Nevertheless, the Government pressed forward in its efforts to secure American support for its Palestine policy. A new bi-national committee was endeavoring to work out the technical details of the Anglo-American Report. This produced what became known as the Morrison-Grady Plan, whereby Palestine would be cantonised into four provinces under British trusteeship, with 100,000 immigrants permitted within one year. As formulated, the plan (which in fact was similar to one lying in Colonial Office pigeon-holes since 1943) was declared unacceptable by both Arabs and Jews. However, Herbert Morrison, Lord President of the Council, stated that Britain would invite both parties to a conference to discuss it. On the other hand, Churchill recommended in a Parliamentary debate that Palestine should be evacuated if America did not share ‘the burden of the Zionist cause.’ The Government regarded such a step as premature.

Following the dissolution of the Jewish Resistance Movement,Weizmann decided, to the indignation of his Agency colleagues, to renew contacts with the Colonial Secretary. Moreover, he became convinced of the desirability of reviving the enlarged Jewish Agency, by joining hands with the non-Zionists on the 1929 basis. Under such an Agency, the recent dangerous and regrettable events would never have taken place. The high probability that the question of Palestine would again be thrown into the melting-pot caused him great anxiety. As he wrote to Churchill: ‘If the present trouble is not settled quickly, and the tension reduced, I tremble to think of the consequences—not only in the Middle East, but also in relation to the United States.’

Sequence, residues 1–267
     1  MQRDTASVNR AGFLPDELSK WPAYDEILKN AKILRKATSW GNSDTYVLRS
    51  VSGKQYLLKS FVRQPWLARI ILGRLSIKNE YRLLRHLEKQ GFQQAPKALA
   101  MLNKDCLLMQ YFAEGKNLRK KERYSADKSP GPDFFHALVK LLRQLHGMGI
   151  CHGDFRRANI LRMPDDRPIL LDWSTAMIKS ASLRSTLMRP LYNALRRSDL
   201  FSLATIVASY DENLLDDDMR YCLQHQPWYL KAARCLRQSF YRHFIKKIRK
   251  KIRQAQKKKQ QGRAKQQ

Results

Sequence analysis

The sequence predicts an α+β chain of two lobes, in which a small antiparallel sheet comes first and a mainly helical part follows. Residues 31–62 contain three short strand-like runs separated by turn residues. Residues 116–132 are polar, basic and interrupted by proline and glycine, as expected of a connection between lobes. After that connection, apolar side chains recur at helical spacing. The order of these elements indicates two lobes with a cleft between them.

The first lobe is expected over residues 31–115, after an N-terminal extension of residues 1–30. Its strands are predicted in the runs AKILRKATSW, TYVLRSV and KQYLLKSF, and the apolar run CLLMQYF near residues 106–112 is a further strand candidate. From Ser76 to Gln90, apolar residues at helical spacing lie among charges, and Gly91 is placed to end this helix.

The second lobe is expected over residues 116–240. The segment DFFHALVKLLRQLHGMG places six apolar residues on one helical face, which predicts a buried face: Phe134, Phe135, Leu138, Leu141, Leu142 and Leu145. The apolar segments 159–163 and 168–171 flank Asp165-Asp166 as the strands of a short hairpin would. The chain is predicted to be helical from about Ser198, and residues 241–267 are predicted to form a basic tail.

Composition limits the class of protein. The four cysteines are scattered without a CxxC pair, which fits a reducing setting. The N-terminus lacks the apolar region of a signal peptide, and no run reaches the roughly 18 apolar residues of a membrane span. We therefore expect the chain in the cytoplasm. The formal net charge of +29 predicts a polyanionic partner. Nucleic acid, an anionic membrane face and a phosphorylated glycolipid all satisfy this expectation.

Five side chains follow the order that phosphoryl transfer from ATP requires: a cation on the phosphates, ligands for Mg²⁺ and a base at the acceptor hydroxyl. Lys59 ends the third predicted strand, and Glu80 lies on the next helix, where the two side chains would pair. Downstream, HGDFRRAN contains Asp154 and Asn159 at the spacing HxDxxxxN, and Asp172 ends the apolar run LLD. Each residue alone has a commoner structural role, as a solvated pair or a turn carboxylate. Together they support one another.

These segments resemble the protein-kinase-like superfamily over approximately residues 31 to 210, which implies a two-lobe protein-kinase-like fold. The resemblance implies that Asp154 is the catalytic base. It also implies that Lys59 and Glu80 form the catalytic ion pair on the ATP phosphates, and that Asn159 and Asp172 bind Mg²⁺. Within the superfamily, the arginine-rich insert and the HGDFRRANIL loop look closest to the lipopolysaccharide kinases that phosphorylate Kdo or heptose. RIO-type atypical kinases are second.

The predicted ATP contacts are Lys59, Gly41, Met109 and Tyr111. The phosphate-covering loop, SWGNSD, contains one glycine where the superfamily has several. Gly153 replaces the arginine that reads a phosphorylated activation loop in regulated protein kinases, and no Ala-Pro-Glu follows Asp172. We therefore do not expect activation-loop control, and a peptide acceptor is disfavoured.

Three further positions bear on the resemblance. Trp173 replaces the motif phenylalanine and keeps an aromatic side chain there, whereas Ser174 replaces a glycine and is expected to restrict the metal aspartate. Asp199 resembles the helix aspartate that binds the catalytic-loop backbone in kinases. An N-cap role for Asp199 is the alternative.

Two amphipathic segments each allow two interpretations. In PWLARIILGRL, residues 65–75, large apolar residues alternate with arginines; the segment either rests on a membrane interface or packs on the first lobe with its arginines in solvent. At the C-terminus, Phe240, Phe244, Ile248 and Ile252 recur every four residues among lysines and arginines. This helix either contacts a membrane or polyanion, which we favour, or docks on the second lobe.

In a letter to Hall following a discussion, Weizmann demanded that before the London Conference convened, ‘some détente’ should be established between Britain and the yishuv, i.e., suspension of the searches and release of the detained leaders. He described the Morrison-Grady Plan, proposed by the Government as a basis for the conference discussions, as ‘unduly narrow: we need to have wider boundaries.’ He had in mind above all the Negev.

The Jewish Agency Executive met in Paris on 5 August 1946. Because of ill-health, Weizmann could not attend, and was represented by Sir Simon Marks and Weisgal. The meeting, which included several other leaders not members of the Executive, realized that with the failure of resistance Weizmann’s policy was the only alternative remaining. This resulted in the restoration of a common front between the Zionist President and his colleagues. He wanted to make a new approach to Washington, and Goldmann was sent there to win American support for an initiative in favor of partition. It was explained to the British that the Agency could join the conference on Palestine only if the principle of a Jewish State in an adequate area came into the scope and purpose of the discussions. The Zionists admitted that the Morrison-Grady Plan did not exclude partition as an eventual outcome of cantonisation, but it also envisaged a federal state. The Agency now insisted on two more conditions: full freedom to designate its own delegates to the conference; and prior consultation as to which non-Agency Jews should be invited to join the Jewish delegation. All these conditions created a stalemate in the preliminary discussions, and Weizmann’s efforts to break it through the intercession of powerful friends proved unavailing. But he felt that adherence to the condition of a Jewish State strengthened the Agency’s hand with the Yishuv and enabled it to enter the conference with dignity. He was far from optimistic, but felt strongly that ‘we shall be committing a sin against the movement and against the Yishuv if we do not explore even the slightest possibility of reaching a solution acceptable to us.’ After some doubt, and a renewed threat of resignation by Weizmann, informal talks with the Government began on 1 October.